snorkelling the wreck of a Japanese Zero fighter in about 3 meters of
water. The Viz on the larger wrecks was NOT that good - around 5 meters
- on the days we were there. There is so much to see that it's very easy
to go into deco, so planning is important. There are heaps of
(portable) artefacts but I am pleased to say they are all left behind
where they belong.
We also dived Chandelier Cave. An easy dive that is quite special.
The entrance is in around 6-8 m of water following which there are 3
interconnected bubble caves. Inside the "bubbles" the limestone
formations are truly beautiful. Once you turn your torch off, the glow
of the entrance is visible from the most distant cave, so its not easy to
Lastly, I must mention Jellyfish lake. A landlocked brackish water
lake with 8 Million "stinger-less" jelly fish. You aren't allowed to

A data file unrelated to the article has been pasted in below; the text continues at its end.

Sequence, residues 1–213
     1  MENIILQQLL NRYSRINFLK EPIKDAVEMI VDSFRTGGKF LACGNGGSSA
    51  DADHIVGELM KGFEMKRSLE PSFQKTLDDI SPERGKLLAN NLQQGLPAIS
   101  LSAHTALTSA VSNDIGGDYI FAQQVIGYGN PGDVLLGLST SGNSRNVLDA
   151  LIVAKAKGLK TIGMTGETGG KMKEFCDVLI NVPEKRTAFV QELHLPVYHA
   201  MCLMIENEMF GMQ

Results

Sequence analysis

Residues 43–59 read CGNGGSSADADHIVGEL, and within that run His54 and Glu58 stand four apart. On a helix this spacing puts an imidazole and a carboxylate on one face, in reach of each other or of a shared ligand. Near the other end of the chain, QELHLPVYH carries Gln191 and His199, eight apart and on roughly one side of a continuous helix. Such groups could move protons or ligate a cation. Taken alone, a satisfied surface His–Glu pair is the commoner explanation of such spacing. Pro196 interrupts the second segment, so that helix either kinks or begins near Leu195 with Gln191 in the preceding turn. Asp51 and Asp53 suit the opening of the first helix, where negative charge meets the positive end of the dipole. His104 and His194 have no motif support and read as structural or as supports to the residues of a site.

SCUBA in it (The bubbles get trapped in the JF which causes havoc) but
you can snorkel. It is truly weird swimming through masses of
jellyfish....you have to experience it. Top
Well, Palau has it moments. The temperature and humidity could
cause problems, but I was O.K. with loading everything in my
(air-conditioned) room, and didn't have any fogging issues. Generally
wide angle is useful especially for the sharks and pelagics but
macro can be good too - decisions decisions....
I used a 256meg CF
card and shot RAW as is my normal practice. It is not easy getting
decent shots on many of the drifts, and the poor viz on some of the wrecks also makes
strobe shots difficult. Natural light, silhouette types seem to be